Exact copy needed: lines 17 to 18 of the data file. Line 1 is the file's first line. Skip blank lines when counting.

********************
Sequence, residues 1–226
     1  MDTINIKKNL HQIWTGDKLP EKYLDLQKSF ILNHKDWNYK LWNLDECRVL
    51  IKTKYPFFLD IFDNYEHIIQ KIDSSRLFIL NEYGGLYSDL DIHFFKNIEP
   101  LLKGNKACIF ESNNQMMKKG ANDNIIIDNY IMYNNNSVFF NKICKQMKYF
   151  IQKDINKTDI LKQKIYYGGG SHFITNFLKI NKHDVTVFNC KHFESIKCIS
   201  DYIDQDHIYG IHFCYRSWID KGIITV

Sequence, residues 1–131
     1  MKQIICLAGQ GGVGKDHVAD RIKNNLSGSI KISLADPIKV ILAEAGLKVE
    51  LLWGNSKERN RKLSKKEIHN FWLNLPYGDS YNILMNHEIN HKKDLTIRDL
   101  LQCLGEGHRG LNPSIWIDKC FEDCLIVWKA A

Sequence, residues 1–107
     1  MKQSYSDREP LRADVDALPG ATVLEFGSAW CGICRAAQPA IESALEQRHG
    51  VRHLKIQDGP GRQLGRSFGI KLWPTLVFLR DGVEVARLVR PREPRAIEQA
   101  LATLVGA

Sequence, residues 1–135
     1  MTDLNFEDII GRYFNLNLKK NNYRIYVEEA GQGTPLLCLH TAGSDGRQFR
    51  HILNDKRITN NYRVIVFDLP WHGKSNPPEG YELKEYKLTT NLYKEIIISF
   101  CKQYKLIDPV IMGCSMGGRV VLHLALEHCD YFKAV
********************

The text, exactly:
    51  HILNDKRITN NYRVIVFDLP WHGKSNPPEG YELKEYKLTT NLYKEIIISF
   101  CKQYKLIDPV IMGCSMGGRV VLHLALEHCD YFKAV